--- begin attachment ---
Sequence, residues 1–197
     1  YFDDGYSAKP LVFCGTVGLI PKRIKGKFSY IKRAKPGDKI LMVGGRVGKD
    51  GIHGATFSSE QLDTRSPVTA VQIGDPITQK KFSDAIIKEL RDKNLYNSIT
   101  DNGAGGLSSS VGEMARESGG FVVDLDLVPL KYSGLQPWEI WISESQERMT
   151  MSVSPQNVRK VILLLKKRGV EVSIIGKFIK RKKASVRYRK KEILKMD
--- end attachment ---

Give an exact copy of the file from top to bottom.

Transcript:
Sequence, residues 1–197
     1  YFDDGYSAKP LVFCGTVGLI PKRIKGKFSY IKRAKPGDKI LMVGGRVGKD
    51  GIHGATFSSE QLDTRSPVTA VQIGDPITQK KFSDAIIKEL RDKNLYNSIT
   101  DNGAGGLSSS VGEMARESGG FVVDLDLVPL KYSGLQPWEI WISESQERMT
   151  MSVSPQNVRK VILLLKKRGV EVSIIGKFIK RKKASVRYRK KEILKMD